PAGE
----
There's a HUGE difference between sole custody and giving up your parental rights. If one parent has sole legal and physical custody, the other parent may still be entitled to visitation as specified in a court order, is still entitled to access the child's education and health care records, at least in California, and is also still obligated for child support. The "non-custodial" parent can still ask the court to modify the custody order and change it if necessary for the best interests of the child, and if something happens to the custodial parent, the non-custodial parent is still the legally preferred next in line.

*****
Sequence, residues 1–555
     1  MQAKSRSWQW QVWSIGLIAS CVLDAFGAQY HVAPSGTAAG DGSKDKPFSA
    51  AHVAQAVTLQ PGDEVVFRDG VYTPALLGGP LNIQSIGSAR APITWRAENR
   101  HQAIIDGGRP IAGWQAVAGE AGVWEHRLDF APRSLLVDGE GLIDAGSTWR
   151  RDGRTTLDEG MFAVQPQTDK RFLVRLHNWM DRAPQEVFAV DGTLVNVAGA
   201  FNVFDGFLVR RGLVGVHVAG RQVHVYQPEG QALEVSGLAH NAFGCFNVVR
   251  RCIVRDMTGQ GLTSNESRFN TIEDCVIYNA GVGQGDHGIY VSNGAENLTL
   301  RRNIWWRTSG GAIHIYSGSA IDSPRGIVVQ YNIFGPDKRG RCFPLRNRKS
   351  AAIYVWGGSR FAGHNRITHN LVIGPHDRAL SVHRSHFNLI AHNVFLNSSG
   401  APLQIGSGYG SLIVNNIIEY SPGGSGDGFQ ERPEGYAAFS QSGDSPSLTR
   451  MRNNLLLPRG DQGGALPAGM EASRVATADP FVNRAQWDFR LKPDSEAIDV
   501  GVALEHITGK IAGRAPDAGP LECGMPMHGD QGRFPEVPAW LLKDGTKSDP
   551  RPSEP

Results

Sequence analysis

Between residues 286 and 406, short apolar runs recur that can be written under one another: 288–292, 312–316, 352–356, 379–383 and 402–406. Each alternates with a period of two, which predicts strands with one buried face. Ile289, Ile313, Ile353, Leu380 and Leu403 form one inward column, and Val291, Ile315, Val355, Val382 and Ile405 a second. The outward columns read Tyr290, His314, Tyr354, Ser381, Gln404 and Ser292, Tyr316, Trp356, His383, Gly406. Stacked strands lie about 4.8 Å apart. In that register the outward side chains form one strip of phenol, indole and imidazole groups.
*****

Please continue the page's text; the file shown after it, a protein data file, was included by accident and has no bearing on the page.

If a parent has relinquished all parental rights, which usually happens in the context of an adoption, and NEVER happens without some sort of court intervention, then that parent's parental rights and responsibilities end completely from there forward.
If you do not want your child to be taken out of state, then you do not want to give the custodial spouse full physical custody. Having full physical custody gives the custodial spouse the presumptive right to relocate out of state. You need to defend your interest in the child if you fear that you may be denied access to your child later. Moreover, it depends on what type of criminal record you have. If it is for domestic violence, molestation, or something along those lines, then yea, it could affect you. I would look into getting an order from the court outlining your custodial rights and arrangement.
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